1. Pyrrole Imidazole
Alkaloid Derivatives to Control Biofilm Formation.
We are investigating the
effects that simple structural motifs that are embedded in
complex marine natural products have upon biofilm
development and maintenance. We have demonstrated that
simple derivatives of the natural products bromageliferin
and oroidin will inhibit and disperse biofilms from
pathogenic bacteria as well
as fungi, and mixed species biofilms. We have also
established that our 2-aminoimidazole-derived anti-biofilm
agents are non-toxic to red blood cells, mammalian cell
lines, and model organisms. The mechanistic basis by which
these compounds inhibit and disperse biofilms as well as
the effect these compounds have in vivo are being pursued. We are also interested
in developing synthetic approaches to access any predefined
substitution pattern on the 2-aminoimidazole
2. Small Molecule Control of Antibiotic Resistance. We have recently discovered that a certain sub-set of our 2-aminoimidazole library are able to both to inhibit/disperse microbial biofilms and render multi-drug resistant bacterial strains (MDR) susceptible to conventional antibiotics. We are currently probing the mechanistic basis of this activity, augmenting activity through analogue synthesis, and exploring the in vivo potential of these compounds in animal and plant models of infection.
3. Indole Signaling. Indole is one of the putative universal signals for bacteria, controlling bacterial behavior such as biofilm formation, virulence production, and acid tolerance. We are currently developing probes of indole signaling based upon the flustramine class of natural products and employing these small molecules to probe multi-species interactions within a biofilm and to further deconvolute the basis of indole signaling across Gram-positive and Gram-negative bacteria.
4. Multi-Valent Gold Nanoparticles for Biomedical Applications. In collaboration with the Feldheim group and Ackerson group we are exploring the use of multi-valent gold particles for various biomedical appliations. We have demonstrated that we can fabricate particles that will efficiently inhibit HIV-1 infection and are exploring the possibility of using these particles against HIV mutants that are resistant to current anti-HIV therapies. We are also exploring the use of gold nanoparticles as a combinatorial platform for the discovery of novel antibiotics as well as a carrier for delivering drugs across the blood/brain barrier. Recently, we have been investigating the ability to trigger chemical reactions on the gold nanoparticle surface and harness the resulting reactive intermediates for biomedical applications.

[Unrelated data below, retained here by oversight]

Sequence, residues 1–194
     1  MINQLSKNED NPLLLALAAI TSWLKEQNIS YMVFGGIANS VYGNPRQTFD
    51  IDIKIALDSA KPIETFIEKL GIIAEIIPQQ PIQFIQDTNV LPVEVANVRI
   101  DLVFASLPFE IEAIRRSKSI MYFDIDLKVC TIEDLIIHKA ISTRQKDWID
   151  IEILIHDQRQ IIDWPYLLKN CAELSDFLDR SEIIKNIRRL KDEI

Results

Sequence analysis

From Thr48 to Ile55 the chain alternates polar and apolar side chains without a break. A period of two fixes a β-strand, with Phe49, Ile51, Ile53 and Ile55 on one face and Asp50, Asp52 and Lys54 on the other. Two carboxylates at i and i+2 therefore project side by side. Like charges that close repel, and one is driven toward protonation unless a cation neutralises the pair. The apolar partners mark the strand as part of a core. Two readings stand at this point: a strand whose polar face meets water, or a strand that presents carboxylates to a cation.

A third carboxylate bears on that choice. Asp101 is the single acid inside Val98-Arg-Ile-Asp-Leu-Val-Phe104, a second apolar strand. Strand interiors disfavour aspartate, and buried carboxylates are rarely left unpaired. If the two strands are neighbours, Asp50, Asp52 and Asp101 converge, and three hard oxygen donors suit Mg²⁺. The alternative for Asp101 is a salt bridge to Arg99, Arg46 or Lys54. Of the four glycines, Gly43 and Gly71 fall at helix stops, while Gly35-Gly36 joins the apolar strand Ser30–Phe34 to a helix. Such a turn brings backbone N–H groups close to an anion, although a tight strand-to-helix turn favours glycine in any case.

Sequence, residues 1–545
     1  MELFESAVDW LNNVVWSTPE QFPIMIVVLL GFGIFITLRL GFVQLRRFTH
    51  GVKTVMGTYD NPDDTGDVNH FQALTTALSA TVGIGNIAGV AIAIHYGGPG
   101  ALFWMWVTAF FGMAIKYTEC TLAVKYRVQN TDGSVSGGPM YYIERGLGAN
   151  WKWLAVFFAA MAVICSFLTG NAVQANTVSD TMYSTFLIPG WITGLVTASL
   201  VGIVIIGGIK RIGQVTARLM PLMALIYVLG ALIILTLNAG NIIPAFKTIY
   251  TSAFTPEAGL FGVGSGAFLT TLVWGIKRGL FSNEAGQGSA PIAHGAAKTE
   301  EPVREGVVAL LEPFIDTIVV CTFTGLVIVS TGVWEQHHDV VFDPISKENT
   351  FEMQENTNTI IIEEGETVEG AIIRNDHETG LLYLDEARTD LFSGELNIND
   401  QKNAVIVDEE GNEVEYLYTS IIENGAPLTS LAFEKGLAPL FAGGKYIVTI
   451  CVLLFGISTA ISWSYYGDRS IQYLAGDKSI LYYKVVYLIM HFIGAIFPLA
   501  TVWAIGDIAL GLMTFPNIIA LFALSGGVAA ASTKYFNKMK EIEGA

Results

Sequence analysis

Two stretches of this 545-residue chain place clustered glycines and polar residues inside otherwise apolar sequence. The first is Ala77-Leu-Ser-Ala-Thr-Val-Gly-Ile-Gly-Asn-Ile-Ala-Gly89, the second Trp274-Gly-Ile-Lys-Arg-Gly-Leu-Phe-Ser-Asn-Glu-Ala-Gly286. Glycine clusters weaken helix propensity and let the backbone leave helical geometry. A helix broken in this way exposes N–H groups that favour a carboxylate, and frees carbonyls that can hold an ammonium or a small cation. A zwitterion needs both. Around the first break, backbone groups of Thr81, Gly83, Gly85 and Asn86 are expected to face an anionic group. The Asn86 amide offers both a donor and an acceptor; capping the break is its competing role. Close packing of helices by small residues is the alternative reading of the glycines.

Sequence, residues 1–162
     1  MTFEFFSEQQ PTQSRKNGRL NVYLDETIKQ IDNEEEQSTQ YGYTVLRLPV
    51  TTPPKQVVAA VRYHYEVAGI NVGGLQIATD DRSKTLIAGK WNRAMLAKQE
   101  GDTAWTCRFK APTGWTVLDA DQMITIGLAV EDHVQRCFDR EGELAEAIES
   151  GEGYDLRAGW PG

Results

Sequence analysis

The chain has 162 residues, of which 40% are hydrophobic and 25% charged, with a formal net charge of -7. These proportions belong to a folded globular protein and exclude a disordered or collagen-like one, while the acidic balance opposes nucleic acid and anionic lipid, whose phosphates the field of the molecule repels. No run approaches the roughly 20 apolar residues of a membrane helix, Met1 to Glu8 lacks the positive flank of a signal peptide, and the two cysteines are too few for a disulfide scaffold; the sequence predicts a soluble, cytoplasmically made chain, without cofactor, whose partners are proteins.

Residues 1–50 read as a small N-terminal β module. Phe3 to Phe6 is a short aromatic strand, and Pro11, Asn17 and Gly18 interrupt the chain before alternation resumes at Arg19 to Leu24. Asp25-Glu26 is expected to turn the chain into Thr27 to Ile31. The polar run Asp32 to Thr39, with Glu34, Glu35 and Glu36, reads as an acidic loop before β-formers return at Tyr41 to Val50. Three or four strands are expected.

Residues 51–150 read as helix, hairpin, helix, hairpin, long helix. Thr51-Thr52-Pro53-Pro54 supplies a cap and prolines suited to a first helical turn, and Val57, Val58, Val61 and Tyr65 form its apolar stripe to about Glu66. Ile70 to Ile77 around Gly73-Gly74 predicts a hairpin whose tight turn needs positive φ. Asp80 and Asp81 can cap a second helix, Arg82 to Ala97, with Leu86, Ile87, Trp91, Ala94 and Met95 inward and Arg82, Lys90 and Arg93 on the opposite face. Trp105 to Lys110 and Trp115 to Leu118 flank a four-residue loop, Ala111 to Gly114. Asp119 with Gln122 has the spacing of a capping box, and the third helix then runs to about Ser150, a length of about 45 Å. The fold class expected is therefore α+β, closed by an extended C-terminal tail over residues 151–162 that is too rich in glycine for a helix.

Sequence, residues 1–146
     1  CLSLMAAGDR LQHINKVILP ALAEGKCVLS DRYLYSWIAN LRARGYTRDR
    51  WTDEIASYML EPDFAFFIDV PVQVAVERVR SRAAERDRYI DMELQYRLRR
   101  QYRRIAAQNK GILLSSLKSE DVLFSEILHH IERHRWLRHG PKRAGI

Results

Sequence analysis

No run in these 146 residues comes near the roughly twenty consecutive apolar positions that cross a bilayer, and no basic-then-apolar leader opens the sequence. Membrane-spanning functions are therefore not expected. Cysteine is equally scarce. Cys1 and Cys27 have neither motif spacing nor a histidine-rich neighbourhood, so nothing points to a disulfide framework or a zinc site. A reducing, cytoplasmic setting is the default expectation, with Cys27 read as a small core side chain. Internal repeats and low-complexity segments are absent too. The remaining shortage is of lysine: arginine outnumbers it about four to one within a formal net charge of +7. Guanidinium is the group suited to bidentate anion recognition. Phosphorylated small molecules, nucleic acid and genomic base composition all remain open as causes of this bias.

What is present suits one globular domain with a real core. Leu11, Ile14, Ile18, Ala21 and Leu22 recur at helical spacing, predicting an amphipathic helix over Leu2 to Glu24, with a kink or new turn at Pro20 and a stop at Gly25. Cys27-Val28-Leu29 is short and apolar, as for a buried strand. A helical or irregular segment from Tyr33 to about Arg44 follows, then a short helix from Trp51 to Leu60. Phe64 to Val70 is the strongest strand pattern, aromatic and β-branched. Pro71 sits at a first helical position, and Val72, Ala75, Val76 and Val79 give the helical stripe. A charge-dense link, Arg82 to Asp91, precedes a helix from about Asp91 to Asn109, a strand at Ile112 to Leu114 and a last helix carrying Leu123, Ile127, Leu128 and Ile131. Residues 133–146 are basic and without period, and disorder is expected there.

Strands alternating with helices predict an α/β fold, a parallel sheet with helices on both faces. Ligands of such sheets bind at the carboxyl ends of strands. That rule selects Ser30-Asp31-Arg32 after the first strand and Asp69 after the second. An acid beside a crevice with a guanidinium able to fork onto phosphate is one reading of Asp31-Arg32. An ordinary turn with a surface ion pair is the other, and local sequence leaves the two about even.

5. Medicinal Chemistry. Our group is also involved in various small molecule synthesis projects that seek to optimize the activity of lead scaffolds that are identified through screening efforts. Currently, we are working in collaboration with the Wu and Chen groups at the University of Alabama to develop highly active small molecules that selectively inhibit the RANKL-induced formation of osteoclasts for various bone desorption diseases. We are also involved in optimizing lead compounds for anti-AGE formation with the Basaraba lab at Colorado State University.